We analysed serial cfDNA samples from patients enrolled in trametinib trial during the course of therapy to investigate the role of MAPK pathway mutations in patient response to trametinib treatment. In three patients with evidence of KRAS, NRAS or BRAF mutations and serial plasma samples available during the course of trametinib treatment, we observed a good correlation between data from sequencing of cfDNA and matching BM-derived tumour DNA but some inconstancies between clinical and molecular response to treatment. In two patients, clinical disease progression was associated with an increase in AFs of NRAS and KRAS mutations, in agreement with our prediction of an MAPK pathway-dependent mechanism of resistance to trametinib. However, the third patient demonstrated clinical progression, with increase in M-protein and growth of a new extramedullary lesion, but a decrease in AFs of KRAS p.G13D mutation in BM and cfDNA. Relatively low AF in the BM tumour DNA (19%) suggests that KRAS p.G13D mutation in this patient is likely subclonal. Hence, we suspect that the observed clinical progression may be caused by a differential response to treatment within the subclones, with effective trametinib response in KRAS-mutated subclone but not the non-mutated subclones, or appearance of new secondary resistance mutations in genes we did not examine using our 5-gene panel analysis. To confirm our hypothesis, this question needs to be further investigated using a more comprehensive genetic profiling of MM tumour DNA and cfDNA in serial samples from a larger patient cohort. Nonetheless, our current data indicate that cfDNA sequencing may serve as a surrogate for serial sampling of the BM for monitoring patients on trial.
Molecular profiling of CD138-selected malignant plasma cells from single site BM aspirates may inadequately reflect the clonal heterogeneity and patchy distribution of MM. There is some evidence that cfDNA samples may provide insights into subclonal architecture in other tumours19, and our study supports this finding in MM, a disease characterized by a complex subclonal structure4,20,21,22. Strikingly, the relative subclonal composition of MM cells in BM appears to be reflected in mutant AFs in cfDNA obtained using LB-Seq from cases with multiple mutations in single or multiple genes. These findings suggest cfDNA sequence analysis has the potential to enable reconstruction of subclonal hierarchies using relative AFs from blood plasma and further investigation is warranted.
In two patients, LB-Seq identified PIK3CA mutations not found by BM sequencing but persistently found in serial blood draws at AFs well above many other true mutations detected by LB-Seq in other samples. One of these mutations, PIK3CA p.E545K, is a recurrent somatic mutation detected across many cancer types. This mutation was not detectible in any other 62 cfDNA samples sequenced in this study, and we confirmed the presence of this mutation in both cfDNA samples from MYL-049 but not the matched BM sample by ddPCR analysis. These results suggest that this is a real mutation present in MYL-049 cfDNA but absent in the BM samples used for comparison. Clinical correlation revealed that this patient had progressed to extramedullary disease with retroperitoneal adenopathy, splenomegaly and multiple sites within the pancreas, adrenals and liver. Extramedullary tumours were unavailable for sequencing; however, the clinical picture of disease progression is compelling evidence for cfDNA arising from one of (i) extramedullary disease; (ii) progression in BM not sampled by BM aspiration; or (iii) tumour subclones not adequately represented in the BM aspirate. Similarly, a PIK3CA p.Y207* mutation detected only in serial cfDNA samples from MYL-001 likely represents a real tumour-derived mutation not adequately represented in the localized BM aspirate used for comparison or originating from the metastatic tumour sites. The third variant identified only in cfDNA of MYL-063 patient (EGFR p.V674F) has been previously reported in lung cancer23 and may represent a true mutation missed by BM sequencing; however, we did not sequence serial cfDNA samples from this patient to confirm the persistence of this mutation. While there may be similar limitations to cfDNA sampling that have not yet been clearly defined, these cases highlight the potential for cfDNA testing to capture mutations in clones not represented by single BM aspirates and to complement BM sampling in studies of subclonality and MRD assessment moving forward.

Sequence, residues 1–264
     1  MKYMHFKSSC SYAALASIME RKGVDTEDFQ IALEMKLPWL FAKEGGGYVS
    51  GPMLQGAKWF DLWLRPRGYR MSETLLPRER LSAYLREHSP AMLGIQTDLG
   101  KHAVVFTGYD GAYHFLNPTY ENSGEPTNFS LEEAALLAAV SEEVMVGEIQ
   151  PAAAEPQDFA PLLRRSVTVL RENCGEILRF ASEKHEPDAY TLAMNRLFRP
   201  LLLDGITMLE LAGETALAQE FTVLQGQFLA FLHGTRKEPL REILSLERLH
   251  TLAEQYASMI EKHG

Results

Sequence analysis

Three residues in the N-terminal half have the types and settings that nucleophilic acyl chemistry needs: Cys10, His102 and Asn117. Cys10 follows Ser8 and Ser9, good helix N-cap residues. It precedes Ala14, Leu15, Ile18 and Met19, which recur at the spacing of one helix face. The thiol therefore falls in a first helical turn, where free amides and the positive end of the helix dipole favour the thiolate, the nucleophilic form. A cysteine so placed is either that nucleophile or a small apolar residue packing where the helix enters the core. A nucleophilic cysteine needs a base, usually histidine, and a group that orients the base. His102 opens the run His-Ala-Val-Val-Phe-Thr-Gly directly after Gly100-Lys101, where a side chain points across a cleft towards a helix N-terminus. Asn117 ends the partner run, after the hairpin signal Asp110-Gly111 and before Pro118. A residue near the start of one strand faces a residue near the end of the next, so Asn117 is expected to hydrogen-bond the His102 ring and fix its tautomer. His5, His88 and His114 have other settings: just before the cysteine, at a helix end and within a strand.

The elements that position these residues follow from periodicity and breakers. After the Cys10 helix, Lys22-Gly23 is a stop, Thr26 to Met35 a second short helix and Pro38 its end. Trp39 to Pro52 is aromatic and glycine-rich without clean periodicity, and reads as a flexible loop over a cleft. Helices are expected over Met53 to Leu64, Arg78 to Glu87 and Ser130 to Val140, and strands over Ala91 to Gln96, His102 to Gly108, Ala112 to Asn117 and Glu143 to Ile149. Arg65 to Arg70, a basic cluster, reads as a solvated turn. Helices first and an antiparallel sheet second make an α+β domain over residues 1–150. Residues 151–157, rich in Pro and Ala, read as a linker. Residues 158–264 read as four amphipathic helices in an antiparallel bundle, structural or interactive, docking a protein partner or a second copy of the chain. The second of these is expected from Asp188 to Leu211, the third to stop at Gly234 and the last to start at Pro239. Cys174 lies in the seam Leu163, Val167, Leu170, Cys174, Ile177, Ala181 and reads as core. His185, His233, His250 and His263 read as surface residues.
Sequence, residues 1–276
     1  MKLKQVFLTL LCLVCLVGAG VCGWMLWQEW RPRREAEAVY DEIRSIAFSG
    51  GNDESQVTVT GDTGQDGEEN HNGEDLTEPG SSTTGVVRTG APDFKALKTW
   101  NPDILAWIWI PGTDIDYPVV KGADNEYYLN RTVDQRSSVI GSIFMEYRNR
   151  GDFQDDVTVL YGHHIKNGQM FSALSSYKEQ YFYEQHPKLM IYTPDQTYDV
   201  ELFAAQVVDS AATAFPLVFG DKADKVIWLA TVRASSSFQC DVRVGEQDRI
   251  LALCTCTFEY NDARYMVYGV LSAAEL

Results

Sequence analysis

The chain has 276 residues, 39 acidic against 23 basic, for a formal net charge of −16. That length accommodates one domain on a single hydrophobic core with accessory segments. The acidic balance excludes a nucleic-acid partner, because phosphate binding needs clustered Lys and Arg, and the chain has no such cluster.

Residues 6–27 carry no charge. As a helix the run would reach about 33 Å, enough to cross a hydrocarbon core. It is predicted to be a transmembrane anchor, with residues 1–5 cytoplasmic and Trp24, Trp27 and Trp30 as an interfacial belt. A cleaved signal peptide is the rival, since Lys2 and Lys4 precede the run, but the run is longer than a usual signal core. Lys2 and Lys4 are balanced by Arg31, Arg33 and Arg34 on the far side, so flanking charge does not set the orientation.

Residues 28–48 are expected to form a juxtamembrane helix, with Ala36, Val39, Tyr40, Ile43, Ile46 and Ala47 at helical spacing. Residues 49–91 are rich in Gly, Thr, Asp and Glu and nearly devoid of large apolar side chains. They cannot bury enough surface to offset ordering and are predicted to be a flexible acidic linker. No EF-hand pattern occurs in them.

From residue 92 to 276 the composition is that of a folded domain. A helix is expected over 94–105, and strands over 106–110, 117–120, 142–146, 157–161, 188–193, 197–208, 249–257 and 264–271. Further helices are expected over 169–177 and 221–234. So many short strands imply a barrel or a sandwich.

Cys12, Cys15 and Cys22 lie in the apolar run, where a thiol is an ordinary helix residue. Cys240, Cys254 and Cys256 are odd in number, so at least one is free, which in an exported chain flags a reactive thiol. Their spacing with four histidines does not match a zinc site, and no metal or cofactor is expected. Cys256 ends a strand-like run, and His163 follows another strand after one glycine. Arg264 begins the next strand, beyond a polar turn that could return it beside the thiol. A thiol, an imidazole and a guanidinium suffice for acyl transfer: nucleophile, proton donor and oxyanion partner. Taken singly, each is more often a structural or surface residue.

Improved sensitivity and the potential for subclonal structure monitoring make the LB-Seq approach ideal for serial monitoring of MM, minimizing the need for medically unnecessary BM sampling. Although we identified several potentially somatic mutations in EGFR and PIK3CA of unknown clinical significance in MM, these mutations may be markers of clonal evolution of this disease or response to therapy. These findings suggest that LB-Seq may allow earlier detection of secondary resistance mutations and monitoring of dynamic changes in AFs of clonal and subclonal mutations under various therapeutic pressures in a typical course of therapy. These potential applications would require a more comprehensive longitudinal analysis of LB-Seq in a larger set of serial cfDNA samples from relapsed or newly diagnosed MM patients with matching BM sequencing data. We anticipate that the sensitivity of LB-Seq can be further increased by applying molecular barcoding methods to help distinguish true somatic mutations with extremely low AFs from sequencing artefacts and polymerase errors24,25. In addition, LB-Seq method can be extended to larger target capture panels that include many recurrently mutated genes that correlate with disease prognosis in MM and genes associated with response or secondary resistance mutations to MM therapies. Together, the use of molecular barcoding and expanded target region for LB-Seq may allow development of a sensitive and non-invasive test for detection of MRD in MM.